amrik virk SFU's XPS (X-ray photoelectron spectrometer) labSURREY: Simon Fraser University was awarded $12.6 million to support 15 research projects as part of $42.6 million in research funding allocated to six public post-secondary institutions in British Columbia.

“Our government is proud of the research accomplishments of our post-secondary institutions,” said Advanced Education Minister Amrik Virk. “Institutions such as SFU conduct research in a wide variety of fields and all of them can have a profound impact on our everyday lives, from the medical care we receive to the type of welding done in a fabrication shop.”

More than half of the research funding awarded to SFU will support a team of researchers and scientists led by the university to develop groundbreaking new technology in the areas of solar energy, health sciences and electronic information transfer. The Prometheus Project is a provincewide research and commercialization hub for science and engineering innovation. The project received $7.7 million in funding from the British Columbia Knowledge Development Fund towards equipment for research labs.

“British Columbia’s research universities have a strong tradition of innovation,” said Minister of Technology, Innovation and Citizens’ Services Andrew Wilkinson. “The funding awarded today will allow SFU to build upon that tradition through the development and commercialization of new technology in rapidly advancing fields such as solar energy and electronic information transfer.”

In addition to the Prometheus Project, Simon Fraser University received an additional $4.9 million in awards from the B.C. Knowledge Development Fund for a total of 15 diverse research projects that range from nuclear physics to a laboratory dedicated to helping people with chronic pain.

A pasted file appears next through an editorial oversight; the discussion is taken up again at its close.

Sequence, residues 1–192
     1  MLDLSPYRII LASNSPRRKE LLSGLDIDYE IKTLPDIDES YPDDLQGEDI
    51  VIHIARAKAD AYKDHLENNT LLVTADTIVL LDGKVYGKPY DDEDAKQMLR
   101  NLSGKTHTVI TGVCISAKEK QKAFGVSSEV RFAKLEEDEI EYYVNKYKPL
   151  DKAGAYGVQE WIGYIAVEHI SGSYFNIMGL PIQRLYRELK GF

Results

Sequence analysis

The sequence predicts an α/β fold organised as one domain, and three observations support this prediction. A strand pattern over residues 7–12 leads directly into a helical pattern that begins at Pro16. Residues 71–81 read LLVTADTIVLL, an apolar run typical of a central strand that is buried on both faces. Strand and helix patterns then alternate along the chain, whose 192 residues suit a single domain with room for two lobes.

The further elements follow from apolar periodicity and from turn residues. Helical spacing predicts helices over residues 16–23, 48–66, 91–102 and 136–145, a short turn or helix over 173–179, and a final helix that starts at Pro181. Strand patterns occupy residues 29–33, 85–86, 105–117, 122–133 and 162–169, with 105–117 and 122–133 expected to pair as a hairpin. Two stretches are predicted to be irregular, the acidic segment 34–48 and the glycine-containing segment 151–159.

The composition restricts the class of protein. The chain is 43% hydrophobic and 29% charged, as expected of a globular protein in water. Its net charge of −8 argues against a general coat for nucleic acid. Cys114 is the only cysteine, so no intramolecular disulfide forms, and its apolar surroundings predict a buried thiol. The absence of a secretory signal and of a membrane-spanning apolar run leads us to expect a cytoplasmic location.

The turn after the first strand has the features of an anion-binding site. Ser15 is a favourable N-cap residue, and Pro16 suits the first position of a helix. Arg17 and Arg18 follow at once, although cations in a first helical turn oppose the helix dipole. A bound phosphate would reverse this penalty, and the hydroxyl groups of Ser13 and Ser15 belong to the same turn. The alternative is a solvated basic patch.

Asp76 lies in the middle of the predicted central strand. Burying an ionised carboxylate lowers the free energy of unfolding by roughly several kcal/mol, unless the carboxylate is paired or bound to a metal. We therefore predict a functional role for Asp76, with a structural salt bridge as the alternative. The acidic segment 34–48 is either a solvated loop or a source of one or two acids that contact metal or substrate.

“These funds help Simon Fraser University with our research strength, which has positioned the university as a world leader in knowledge mobilization,” said SFU president and vice chancellor Andrew Petter. “Research is a key part of SFU’s vision as Canada’s ‘engaged university,’ and I commend the provincial government for placing its confidence in SFU to lead the way in creating the talent and generating the ideas British Columbia requires.”

The British Columbia Knowledge Development Fund awarded six public post-secondary institutions in B.C. with $42.6 million for 100 research infrastructure projects in 2014.

“This funding significantly enhances the capability for companies to partner with us to create the next generation of materials and devices, and also for us to take our innovations further down the technology deployment pathway so we can get them closer to the ‘here is a real, practical device that can be marketed,’ stage,” said Neil Branda, leader of the Prometheus Project. “British Columbia’s materials scientists and engineers already have a rich history of collaboration. This project allows us to move from, and add to, our culture of collaborating to provide a culture of credibility by showing we’re not just a bunch of people developing technology looking for a problem to solve.”

Since 2001, the government has invested more than $2 billion to research and innovation in B.C., leveraging an additional $1 billion in research funding from other sources, for a total of $3 billion. $550 million of that has been awarded through the British Columbia Knowledge Development Fund.